The Inferno Canto XIX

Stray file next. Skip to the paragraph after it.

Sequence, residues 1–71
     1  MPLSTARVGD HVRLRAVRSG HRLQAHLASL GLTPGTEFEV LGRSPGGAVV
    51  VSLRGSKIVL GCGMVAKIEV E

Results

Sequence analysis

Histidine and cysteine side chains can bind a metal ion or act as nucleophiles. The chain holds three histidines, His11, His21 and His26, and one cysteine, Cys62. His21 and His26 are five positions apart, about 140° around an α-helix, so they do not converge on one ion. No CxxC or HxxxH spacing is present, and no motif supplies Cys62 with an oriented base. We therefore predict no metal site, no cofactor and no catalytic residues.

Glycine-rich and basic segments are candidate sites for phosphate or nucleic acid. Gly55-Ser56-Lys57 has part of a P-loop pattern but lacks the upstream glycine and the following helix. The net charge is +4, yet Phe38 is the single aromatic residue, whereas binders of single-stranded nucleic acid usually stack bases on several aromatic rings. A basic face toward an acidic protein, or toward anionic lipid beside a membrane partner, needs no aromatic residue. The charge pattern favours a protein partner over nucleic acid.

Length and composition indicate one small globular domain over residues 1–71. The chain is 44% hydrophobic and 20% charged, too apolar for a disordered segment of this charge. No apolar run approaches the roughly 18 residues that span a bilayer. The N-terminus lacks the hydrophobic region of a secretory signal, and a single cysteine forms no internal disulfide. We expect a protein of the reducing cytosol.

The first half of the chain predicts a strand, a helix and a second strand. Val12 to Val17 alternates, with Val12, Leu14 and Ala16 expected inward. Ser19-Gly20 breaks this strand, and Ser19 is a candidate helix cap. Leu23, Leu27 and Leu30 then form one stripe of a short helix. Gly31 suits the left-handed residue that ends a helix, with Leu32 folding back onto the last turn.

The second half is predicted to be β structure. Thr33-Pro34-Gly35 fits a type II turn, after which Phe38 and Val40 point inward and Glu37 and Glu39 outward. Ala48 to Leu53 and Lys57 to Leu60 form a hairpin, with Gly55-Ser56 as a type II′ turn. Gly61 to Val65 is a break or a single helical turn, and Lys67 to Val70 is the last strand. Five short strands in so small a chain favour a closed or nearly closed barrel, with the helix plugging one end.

They cross to the third ring that holds the simonists, those guilty of the selling of spiritual things. "O Simon Magnus! O wretched followers of his and robbers ye, who prostitute the things of God, that should be wedded unto righteousness, for gold and silver." Canto XIX, pg. 102 Simonists take their name from Simon Magnus, a king of Samaria rebuked by St. Peter for declaring that the things of God can be bought for money. The walls and floor of this chasm are lined with round holes. The holes resemble niches in the Baptistery of Florence where priest stood when addressing a congregation. Dante mentions that he rescued a boy imprisoned in one such niche in Florence. However, priests have been deposited upside down in these holes with only their feet and calves visible. Flames ripple across the soles of their feet and burn with an intensity proportionate to the soul's sin. Dante points out one who writhes more than the rest and Virgil carries him down into the chasm to speak with this sinner. He is Pope Nicholas III. Dante addresses him and Nicolas mistakes him for Pope Boniface VIII, who he expects to join him in suffering and replace him in the highest position in the Circle. Nicholas predicts with precision the chronology and identities of the Popes who will follow him: Boniface VIII, for eleven years, and then Clement V. Dante rebukes him for his greed, saying that he was worse than idolaters because he crushed the good and lifted up the wicked, and that he made the church a whore to wealth. "Ah Constantine! To how much ill gave birth, not thy conversion, but that dower which the first rich Father took from thee" Canto XIX, pg. 105 Dante laments Constantine's mistake in paying the leaders of the early Church. Virgil approves of Dante's vociferous criticism and then carries him up to the bridge to the next chasm.